Dads: When it Comes to Not Judging Each Other, We Have Work to Do

I am not the babysitter

Dad and Baby relationship

I would like to tell you a story. 

Today my wife was out meeting with a prospective client, so I was on solo parent duty. Normally I would hunker down and just stay inside counting the seconds until my wife returned to save me from the craziness that comes with having a 4 year-old and 3 month-old baby. Plus, I prefer staying home rather than interacting with the general public anyway.

But for some reason, I decided to have an outing with both kids in tow. Crazy; I know. So we headed to the bastion for weekend family outings when there's nowhere else to go - Target. I needed some new shirts for work, my 4 year-old needed to use up some energy, and my 3 month-old needed to nap, so what better place to leisurely cruise and accomplish all these things?

I see myself as a fairly progressive dude, but to me, being a hands-on dad is just the way it's "supposed to be," so caring for my kids is not something I see as abnormal, or in need of recognition or praise. Yes, from time to time I still get the occasional, "Oh, look who's babysitting while mom is gone," or some other minimizing comment. Sure, it eats at me as much now as it did when our son was born almost 5 years ago, but now I blow it off more easily, as they usually come from someone much older, and I'm certain they mean no harm by it. However; today while at Target I got a reminder that society still has a very long way to go.

While walking in the toy department of Target this morning, I held my son's hand as he dragged me from aisle to aisle trying to negotiate the purchase of a toy. I also wore my 3mo daughter on my chest in carrier. Sure, I could have left her in the car carrier and placed in a basket as we walked, but she sleeps better when, I love wearing her, just like I loved wearing my son when he was a baby.

As we were looking at action figures, I was answering my son's question after question about different Marvel superheros, explaining to him who everyone was, all while rocking, swaying and patting my daughter to sleep. Another father (not much older than me) and his son, who looked to be about 7 or 8, passed by us. I noticed the young boy's inquisitive gaze at me wearing the baby carrier with a baby in it, and I smiled at him. As my son continued to ask endless questions I overheard the boy as his father, "Dad, why is that man wearing a baby on his chest?" I waited in anticipation to hear a fellow dad explain how men can wear babies too, but instead I heard, "Because men are becoming pussies these days. They'd rather act like women than be a man."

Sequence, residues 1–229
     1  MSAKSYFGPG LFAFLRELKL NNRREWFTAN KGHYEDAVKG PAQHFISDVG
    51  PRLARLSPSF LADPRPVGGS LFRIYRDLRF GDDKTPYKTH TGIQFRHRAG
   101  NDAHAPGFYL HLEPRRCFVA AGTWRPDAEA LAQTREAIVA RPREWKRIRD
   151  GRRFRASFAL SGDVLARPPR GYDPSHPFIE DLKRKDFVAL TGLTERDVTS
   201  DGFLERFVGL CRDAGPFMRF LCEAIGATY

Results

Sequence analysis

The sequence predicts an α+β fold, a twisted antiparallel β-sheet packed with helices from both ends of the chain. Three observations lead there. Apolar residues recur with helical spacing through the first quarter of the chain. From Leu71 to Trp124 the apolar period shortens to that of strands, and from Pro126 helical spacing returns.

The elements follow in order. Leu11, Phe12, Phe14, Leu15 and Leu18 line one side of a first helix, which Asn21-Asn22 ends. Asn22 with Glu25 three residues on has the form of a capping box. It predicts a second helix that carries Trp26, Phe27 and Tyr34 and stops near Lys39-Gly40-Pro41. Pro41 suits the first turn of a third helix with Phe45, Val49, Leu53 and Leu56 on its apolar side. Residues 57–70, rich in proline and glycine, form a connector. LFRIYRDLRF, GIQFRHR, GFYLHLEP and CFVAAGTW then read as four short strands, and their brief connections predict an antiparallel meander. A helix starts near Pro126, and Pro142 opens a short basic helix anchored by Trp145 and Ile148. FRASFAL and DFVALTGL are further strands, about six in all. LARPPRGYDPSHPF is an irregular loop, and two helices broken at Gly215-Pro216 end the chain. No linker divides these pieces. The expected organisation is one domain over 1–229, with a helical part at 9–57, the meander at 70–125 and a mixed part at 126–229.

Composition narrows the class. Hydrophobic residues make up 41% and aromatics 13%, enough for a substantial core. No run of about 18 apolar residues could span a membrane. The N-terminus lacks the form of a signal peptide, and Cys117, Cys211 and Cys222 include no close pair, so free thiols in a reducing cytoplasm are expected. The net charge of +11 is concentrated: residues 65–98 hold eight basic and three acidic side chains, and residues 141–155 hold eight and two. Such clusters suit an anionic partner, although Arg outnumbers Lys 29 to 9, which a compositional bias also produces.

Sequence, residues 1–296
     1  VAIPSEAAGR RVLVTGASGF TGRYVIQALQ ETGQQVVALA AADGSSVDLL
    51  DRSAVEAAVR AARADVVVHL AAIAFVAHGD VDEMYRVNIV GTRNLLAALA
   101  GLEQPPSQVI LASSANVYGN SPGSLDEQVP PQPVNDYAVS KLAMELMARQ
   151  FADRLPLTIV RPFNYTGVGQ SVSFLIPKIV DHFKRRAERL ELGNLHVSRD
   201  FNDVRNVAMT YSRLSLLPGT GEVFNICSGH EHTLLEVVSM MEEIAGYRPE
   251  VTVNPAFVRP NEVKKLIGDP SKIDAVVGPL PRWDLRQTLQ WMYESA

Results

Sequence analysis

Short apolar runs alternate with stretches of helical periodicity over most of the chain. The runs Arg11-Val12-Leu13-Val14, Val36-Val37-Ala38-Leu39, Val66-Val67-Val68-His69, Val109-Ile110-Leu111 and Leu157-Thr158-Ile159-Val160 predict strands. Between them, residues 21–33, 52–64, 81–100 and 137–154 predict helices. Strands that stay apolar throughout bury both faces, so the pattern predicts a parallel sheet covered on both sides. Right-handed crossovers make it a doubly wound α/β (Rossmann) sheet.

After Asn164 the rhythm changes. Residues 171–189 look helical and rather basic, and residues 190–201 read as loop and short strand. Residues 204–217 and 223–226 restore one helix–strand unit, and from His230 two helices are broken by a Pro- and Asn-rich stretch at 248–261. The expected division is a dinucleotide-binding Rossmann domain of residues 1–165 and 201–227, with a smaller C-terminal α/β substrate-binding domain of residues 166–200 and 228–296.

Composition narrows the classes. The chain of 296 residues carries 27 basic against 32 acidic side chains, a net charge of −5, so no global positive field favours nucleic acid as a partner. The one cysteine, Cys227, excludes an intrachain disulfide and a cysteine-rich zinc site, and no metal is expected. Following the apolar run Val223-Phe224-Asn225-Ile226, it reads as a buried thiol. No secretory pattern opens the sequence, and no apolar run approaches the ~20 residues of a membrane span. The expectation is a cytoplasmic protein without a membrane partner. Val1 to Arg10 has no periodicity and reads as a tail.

Needless to say, I was floored. I was in shock, not only because that's how a fellow father sees another dad caring for their child, but that that's the kind of example and lesson he would teach his child.

I could have easily said something to the the dad; putting him in his place in front of his son, but instead, I held my son's hand a little tighter and embraced the moment I was in with my children.

I am lucky to be part of a great community of parents since joining the online/blogging world. Both moms and dads who not only support parenthood as a whole, but are on the front lines of lifting up fathers. But, like so many other times when surrounded by positivity and others who think like you do, I became complacent, and maybe a little naive in thinking progress had taken us further.

Clearly, we have much work to do.

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Mike Cruse is a married father of two crazy, funny, over-the-top, beautiful kids. Life-long story-teller with a love for writing. Creator and lead writer at Currently still stuck in a 9-5 job, but inching closer to his dream of being a writer when he grows up, one blog post at a time. Born and raised in San Diego, CA, but now resides in Alexeandria, VA. Connect with him on Facebook and on Twitter.